In British Columbia last year, 2,272 people died from toxic drugs, according to information released last week. More than 11,000 people have died of drug toxicity in the province since a public health emergency was declared in April 2016.
While many people associate these tragic deaths with the troubles of the Downtown Eastside, the reality is that Vancouver Coastal Health – the region that includes that neighbourhood as well as much of Metro Vancouver – accounted for 14% of the drug-related deaths in the province last year. Rural communities are disproportionately affected. Most disproportionately affected of all are Indigenous communities. The First Nations Health Authority reports that, while making up 3.2% of the province’s population, First Nations people comprised 15% of all toxic drug deaths in 2021 and 2022.
It is worth remembering that, while people have died from toxic drugs on the streets, they also have died in the living rooms of our most exclusive neighbourhoods, and they have died everywhere in between.
The City of Vancouver just announced $2.8 million for the hiring of 58 mental health workers and expanded programs to address frontline issues and public safety responses, according to Mayor Ken Sim. Also, this week, a new policy went into effect in British Columbia, under which possession of some illegal drugs will not result in arrest or charges. This is an innovative effort to reconsider the problem as a health issue, not a legal one.
While there may be disagreements and concerns about the approach the city, the province and the federal government are taking on the problems that plague individuals and communities around mental health, addictions, crime and safety, there has also been a degree of unnecessary and unwelcome cynicism. Too many seem to view the problems – and the people they affect – as an inconvenience to be swept away rather than as complex social issues requiring comprehensive responses.
In the search for explanations and solutions, there has been too frequent a tendency to blame the victim, to drive through troubled neighbourhoods in our city and province and condemn not the problems, or the context of those problems, but the people they affect.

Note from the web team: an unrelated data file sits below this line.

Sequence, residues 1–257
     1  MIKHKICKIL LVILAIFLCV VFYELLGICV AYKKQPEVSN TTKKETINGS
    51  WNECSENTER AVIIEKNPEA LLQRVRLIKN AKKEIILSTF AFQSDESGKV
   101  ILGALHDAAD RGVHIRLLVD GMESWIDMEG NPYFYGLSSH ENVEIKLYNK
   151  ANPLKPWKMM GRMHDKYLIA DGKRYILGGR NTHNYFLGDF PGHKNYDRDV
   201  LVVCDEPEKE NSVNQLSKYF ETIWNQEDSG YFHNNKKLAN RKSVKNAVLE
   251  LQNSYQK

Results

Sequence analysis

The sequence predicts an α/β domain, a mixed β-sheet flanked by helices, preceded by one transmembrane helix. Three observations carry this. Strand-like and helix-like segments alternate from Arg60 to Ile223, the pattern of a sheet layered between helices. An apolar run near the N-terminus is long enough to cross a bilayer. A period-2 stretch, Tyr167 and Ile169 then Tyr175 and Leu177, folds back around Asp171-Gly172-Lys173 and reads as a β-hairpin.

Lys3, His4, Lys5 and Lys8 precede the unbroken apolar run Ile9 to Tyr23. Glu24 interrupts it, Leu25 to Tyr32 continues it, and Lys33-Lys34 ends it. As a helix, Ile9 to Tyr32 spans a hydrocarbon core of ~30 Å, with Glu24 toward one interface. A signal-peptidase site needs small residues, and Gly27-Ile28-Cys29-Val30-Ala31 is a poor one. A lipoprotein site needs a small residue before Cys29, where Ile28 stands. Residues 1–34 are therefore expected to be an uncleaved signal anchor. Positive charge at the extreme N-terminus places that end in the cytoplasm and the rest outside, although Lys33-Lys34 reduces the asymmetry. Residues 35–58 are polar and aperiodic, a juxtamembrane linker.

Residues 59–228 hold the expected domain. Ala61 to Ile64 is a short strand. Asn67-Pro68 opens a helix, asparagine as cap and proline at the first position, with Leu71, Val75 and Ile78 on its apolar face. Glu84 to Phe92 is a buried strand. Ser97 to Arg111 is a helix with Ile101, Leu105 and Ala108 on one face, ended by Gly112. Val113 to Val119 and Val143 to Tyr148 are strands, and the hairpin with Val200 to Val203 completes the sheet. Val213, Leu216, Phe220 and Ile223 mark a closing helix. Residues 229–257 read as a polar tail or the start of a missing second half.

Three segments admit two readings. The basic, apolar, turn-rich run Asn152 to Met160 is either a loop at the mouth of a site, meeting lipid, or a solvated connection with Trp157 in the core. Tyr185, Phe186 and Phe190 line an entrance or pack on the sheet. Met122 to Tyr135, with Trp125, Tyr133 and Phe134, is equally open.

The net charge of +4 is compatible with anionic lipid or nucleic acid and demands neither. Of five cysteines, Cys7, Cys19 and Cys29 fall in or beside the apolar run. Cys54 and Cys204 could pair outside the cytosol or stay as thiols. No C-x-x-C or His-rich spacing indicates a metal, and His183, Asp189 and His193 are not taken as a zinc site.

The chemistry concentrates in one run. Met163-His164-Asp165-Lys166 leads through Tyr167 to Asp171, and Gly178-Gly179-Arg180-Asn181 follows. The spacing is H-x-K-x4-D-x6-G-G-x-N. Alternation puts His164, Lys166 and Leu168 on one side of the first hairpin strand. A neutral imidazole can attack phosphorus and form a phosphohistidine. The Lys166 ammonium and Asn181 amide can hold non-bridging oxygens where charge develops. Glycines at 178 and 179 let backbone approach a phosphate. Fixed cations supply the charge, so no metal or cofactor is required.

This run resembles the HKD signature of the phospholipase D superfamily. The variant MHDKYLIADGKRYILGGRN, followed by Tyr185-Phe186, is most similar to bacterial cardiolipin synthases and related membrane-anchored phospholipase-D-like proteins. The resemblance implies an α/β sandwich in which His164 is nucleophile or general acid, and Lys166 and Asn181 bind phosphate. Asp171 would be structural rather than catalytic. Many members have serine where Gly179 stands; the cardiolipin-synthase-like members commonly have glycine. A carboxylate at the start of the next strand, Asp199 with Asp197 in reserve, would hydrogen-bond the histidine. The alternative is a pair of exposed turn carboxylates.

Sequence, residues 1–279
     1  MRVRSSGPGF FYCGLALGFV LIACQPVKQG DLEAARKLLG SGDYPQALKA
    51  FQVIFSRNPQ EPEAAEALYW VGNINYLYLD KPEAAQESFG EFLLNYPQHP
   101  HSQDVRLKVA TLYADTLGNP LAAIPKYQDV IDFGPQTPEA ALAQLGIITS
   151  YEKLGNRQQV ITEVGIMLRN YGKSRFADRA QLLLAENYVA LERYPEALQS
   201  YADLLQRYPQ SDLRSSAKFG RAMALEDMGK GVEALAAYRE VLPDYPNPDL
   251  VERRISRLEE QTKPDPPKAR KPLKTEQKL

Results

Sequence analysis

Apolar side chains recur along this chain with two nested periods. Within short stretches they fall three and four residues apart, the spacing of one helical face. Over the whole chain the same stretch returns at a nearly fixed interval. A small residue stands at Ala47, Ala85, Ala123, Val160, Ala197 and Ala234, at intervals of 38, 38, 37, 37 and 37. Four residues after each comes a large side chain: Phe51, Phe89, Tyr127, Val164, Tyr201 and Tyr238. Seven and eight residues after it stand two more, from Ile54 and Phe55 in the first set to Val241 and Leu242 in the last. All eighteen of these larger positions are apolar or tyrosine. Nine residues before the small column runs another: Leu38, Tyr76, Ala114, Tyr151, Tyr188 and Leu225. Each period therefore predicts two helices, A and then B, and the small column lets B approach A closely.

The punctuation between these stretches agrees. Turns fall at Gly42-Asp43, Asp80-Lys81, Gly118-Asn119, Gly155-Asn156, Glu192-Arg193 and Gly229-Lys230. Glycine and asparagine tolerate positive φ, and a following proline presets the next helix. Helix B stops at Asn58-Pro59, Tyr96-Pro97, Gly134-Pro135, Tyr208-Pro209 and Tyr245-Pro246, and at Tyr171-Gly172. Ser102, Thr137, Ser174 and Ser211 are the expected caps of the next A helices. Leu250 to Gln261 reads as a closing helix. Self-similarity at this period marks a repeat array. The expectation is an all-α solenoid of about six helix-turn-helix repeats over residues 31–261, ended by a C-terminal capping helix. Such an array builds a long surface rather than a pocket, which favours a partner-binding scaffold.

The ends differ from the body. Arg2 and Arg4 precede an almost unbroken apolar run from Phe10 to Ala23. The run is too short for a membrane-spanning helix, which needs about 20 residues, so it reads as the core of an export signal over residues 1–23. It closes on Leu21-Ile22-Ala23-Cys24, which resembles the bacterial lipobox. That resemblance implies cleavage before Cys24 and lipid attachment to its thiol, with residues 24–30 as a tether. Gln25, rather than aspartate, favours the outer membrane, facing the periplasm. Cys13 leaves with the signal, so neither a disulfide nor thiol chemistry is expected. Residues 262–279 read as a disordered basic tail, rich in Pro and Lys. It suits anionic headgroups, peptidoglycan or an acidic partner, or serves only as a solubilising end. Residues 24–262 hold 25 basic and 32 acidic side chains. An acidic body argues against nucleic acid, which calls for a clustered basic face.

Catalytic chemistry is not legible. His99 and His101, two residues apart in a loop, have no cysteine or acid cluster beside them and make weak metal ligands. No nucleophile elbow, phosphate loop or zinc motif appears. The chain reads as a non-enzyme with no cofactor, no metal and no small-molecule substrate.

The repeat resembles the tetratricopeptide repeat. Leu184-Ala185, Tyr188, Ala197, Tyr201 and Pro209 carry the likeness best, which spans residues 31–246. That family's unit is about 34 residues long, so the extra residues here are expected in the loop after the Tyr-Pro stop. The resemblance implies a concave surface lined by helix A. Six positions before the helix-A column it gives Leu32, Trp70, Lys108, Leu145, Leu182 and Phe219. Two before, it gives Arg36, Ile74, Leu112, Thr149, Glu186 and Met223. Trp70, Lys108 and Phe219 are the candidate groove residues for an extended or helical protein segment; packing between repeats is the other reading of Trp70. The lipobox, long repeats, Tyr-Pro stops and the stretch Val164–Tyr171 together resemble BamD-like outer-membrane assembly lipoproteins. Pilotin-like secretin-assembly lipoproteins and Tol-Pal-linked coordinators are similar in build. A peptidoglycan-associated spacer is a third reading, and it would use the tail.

In many instances, people suffering represent the contemporary impacts of policies and practices past and present. Land acknowledgments and efforts at reconciliation mean little to nothing if they are not accompanied by truth and by compassion for the long-term effects of these wrongs. Coming to terms with the impact on Indigenous peoples of residential schools, intergenerational trauma and generalized discrimination and lack of opportunity has opened many eyes to how these historical and contemporary realities have affected communities. Perhaps we have not done as well in recognizing how these impacts manifest in individuals.
People experiencing the harms of the drug poisoning crisis, Indigenous and non-Indigenous alike, come from a place of struggle and suffering. Really, every person is impacted in some way by circumstances of their social context, as well as their experiences. Some of the problems we experience are a result of individual health or vulnerabilities and others of systemic discrimination or falling through cracks in the education system or social safety net. Whatever the causes, they each require us to come together to address them.
Of course, these issues are not at all limited to our city. Across North America and elsewhere, urban and rural communities are troubled by substance issues and other problems, including a lack of safe and affordable housing, which is foundational to individual and communal well-being. If anyone had simple answers, they would have been adopted and implemented by now. This is an enormous challenge we must attempt to address humanely, compassionately and effectively without victim-blaming.
Organizations and many individuals in the Jewish community have been committed to these issues for some time and those collective efforts reflect the core Jewish value of tikkun olam, repairing the world, but they also reflect hakaim takim imo, “you shall surely lift him [and her] up.”
The tragic statistics confirm what we already know. They are a reminder, though, that a great deal remains to be done to address the problems and to reduce the social causes of the crisis. Trying new approaches that focus on compassion and justice is a right course. They may not work. But the cost of not trying is far too high.